REPOST Today’s AMI QT Devotional, written by a former AMI church staff, was first posted on July 14, 2014.
Devotional Thought for This Morning
“What God Truly Cares About the Most”
Now the Lord God appointed a plant and made it come up over Jonah, that it might be a shade over his head, to save him from his discomfort. So Jonah was exceedingly glad because of the plant. 7 But when dawn came up the next day, God appointed a worm that attacked the plant, so that it withered. 8 When the sun rose, God appointed a scorching east wind, and the sun beat down on the head of Jonah so that he was faint. And he asked that he might die and said, “It is better for me to die than to live.” 9 But God said to Jonah, “Do you do well to be angry for the plant?” And he said, “Yes, I do well to be angry, angry enough to die.”
Is it sufficient for us to only do the right things for God, or does the Lord look for something beyond than that? That’s the conflict we find in this morning’s text.
We already know that God’s will for Jonah was to go to Nineveh and proclaim judgment against its habitants, and that God sent a great storm to hinder Jonah from running away. Once he was thrown into the sea, God appointed a great fish to swallow him in order to preserve him.
Based just on these prior events, we are left with a God who simply wanted Jonah to fulfill the function for which he was called to do. However, the Lord’s desire for Jonah went much deeper than that. First, we see that God, after appointing a plant to give Jonah shade, also appointed a worm to attack it. Since the word “appoint” used in 1:17 is used in 4:6 as well, there may be a connecting motive between the two instances from God’s standpoint.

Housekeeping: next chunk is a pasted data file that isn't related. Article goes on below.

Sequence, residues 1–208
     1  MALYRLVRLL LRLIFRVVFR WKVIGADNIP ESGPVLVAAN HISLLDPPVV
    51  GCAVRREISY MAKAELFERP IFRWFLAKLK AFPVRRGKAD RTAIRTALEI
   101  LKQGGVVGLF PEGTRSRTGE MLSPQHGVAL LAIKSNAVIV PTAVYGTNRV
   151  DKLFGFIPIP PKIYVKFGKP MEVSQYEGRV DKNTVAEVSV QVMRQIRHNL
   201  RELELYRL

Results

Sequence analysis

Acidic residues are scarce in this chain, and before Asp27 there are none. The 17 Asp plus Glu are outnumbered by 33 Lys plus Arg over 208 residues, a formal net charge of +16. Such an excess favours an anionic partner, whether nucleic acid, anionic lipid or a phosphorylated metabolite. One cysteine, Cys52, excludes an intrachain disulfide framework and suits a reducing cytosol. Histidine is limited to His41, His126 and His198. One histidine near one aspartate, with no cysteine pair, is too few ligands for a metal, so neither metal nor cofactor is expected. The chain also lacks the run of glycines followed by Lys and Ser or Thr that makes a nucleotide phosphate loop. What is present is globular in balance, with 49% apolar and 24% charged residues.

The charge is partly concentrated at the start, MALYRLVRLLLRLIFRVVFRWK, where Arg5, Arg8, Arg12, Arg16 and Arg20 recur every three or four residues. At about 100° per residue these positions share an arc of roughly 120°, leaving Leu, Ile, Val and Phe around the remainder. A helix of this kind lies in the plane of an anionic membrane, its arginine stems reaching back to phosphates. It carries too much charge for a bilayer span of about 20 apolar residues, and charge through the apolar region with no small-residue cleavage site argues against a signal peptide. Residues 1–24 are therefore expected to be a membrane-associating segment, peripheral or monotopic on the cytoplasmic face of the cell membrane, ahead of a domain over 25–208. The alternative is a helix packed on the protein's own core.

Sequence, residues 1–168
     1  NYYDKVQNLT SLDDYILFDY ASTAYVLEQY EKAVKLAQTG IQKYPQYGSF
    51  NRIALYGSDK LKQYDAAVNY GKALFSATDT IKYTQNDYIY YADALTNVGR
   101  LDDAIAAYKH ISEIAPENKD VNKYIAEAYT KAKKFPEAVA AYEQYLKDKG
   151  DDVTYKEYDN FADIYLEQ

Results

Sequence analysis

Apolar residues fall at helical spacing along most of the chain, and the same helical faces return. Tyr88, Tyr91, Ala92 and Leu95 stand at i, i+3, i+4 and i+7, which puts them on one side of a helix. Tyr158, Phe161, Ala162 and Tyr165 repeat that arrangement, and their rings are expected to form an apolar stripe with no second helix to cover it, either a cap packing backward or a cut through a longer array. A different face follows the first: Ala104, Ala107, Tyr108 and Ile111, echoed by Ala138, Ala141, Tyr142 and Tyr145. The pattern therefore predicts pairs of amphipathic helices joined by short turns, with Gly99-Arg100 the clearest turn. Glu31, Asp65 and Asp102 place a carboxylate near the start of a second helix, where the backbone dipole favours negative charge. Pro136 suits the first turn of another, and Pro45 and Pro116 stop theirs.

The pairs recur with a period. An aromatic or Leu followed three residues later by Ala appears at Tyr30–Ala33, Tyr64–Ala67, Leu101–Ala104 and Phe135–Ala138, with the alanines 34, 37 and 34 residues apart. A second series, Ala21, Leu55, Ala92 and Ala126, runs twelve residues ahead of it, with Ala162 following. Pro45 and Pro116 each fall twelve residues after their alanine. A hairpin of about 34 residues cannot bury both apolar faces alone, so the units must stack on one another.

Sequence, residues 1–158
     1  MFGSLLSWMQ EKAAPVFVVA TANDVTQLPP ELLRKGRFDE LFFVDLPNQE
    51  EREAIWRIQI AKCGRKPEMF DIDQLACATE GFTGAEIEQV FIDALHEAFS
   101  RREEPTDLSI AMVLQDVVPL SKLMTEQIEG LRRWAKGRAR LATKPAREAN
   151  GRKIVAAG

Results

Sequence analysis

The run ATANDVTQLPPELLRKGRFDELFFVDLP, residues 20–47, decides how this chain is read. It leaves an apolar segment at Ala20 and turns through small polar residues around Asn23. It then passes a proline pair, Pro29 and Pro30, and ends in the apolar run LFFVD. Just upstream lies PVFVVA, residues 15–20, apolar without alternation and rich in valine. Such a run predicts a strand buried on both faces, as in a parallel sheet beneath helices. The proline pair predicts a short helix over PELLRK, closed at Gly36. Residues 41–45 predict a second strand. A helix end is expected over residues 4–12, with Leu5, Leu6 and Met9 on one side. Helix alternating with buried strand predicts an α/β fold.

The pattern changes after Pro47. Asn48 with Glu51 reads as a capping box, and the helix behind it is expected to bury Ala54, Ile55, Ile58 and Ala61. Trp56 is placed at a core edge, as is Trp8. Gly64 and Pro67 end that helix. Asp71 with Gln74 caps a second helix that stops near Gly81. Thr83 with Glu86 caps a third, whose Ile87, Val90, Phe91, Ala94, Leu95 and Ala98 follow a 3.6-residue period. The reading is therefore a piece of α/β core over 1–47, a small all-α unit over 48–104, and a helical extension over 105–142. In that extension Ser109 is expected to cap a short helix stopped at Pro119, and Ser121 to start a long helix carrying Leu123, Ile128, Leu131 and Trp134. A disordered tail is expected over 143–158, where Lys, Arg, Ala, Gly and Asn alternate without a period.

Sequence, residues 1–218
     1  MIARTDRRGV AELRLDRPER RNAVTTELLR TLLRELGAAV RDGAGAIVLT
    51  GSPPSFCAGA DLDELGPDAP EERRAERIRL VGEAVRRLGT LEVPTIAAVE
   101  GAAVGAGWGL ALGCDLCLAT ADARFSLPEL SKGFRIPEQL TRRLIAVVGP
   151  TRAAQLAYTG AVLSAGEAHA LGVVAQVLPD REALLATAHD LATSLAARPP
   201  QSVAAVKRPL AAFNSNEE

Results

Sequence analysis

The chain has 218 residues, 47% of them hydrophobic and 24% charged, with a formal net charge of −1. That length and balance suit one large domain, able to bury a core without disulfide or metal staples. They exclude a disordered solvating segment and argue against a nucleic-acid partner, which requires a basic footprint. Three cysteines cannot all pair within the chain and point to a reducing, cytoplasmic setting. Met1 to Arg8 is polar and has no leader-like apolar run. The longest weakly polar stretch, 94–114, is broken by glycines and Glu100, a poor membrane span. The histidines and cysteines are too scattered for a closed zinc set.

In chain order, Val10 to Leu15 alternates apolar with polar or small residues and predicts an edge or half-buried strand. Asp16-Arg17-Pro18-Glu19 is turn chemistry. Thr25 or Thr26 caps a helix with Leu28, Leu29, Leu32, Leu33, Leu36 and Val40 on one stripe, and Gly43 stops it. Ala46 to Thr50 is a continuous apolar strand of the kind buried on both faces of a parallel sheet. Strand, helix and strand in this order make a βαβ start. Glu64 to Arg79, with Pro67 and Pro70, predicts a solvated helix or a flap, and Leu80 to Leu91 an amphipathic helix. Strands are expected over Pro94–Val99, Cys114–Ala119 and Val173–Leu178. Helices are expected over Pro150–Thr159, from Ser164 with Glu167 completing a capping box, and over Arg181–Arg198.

So, what was God’s desire for Jonah? In short, God uses the plant and the worm to confront Jonah by revealing what is really in his heart. In a matter of hours, Jonah went from gladness in response to the miraculous growth of the plant that benefitted him to bitter anger over its destruction. Evidently, Jonah’s disposition was solely based on what was pleasing to him, both psychologically (revenge against the hated Ninevites) and physically.
However, God is not merely interested in using Jonah for his grand purpose; He is interested in Jonah himself, to help this conflicted man to be right before Him. God could have given up on this disobedient prophet during the storm or even when he went to the outskirts of Nineveh to see it destroyed, but the Lord persistently pursued after Jonah.
As much as God cared for the great city of Nineveh, that the people there would not be destroyed by their sins, God cared for Jonah that he would not be destroyed by anger, bitterness, and unforgiveness. Ninevites repented when they were confronted, but will Jonah? This text, then, poses us this question: “If God confronts us, then, how will we respond?”
Prayer: Father, search me and know me. If there is any grievous way in me, reveal it to me. Lead me in the way everlasting. Amen.
Bible Reading for Today: Joshua 24
Lunch Break Study
Re-read the passage for this morning’s devotion.
Psalm 139:23-24: “Search me, O God, and know my heart! Try me and know my thoughts! 24 And see if there be any grievous way in me, and lead me in the way everlasting!”
Questions to Consider
- What is significant in God’s use of the plant and worm?
- What led to Jonah’s state of anger and bitterness?
- In light of Jonah, what should be the attitude of our heart in accordance with the Psalm 139 passage?
- When we look at the use of the word “appoint” with the instance of the great fish, we can infer that God used these things (worm, plant) to ensure Jonah’s awareness that it was God who orchestrated everything, that it wasn’t circumstantial.
- Jonah felt that nothing was going his way: first, God spared Nineveh, who, in his mind, deserved the worst punishment from Him; second, what small comfort he received from the shade was taken away.
- We are called to be humble before God, asking that He reveals our hidden thoughts. We are also called to hope and trust in Him so that we are led in accordance to His perfect will.
The true vulnerability before the Lord is difficult. We have so many hidden motives. Yet, God is persistent in His desire to make us right before Him. Let’s examine our hearts and ask the Lord to bring healing, hope, and repentance in all areas of our lives.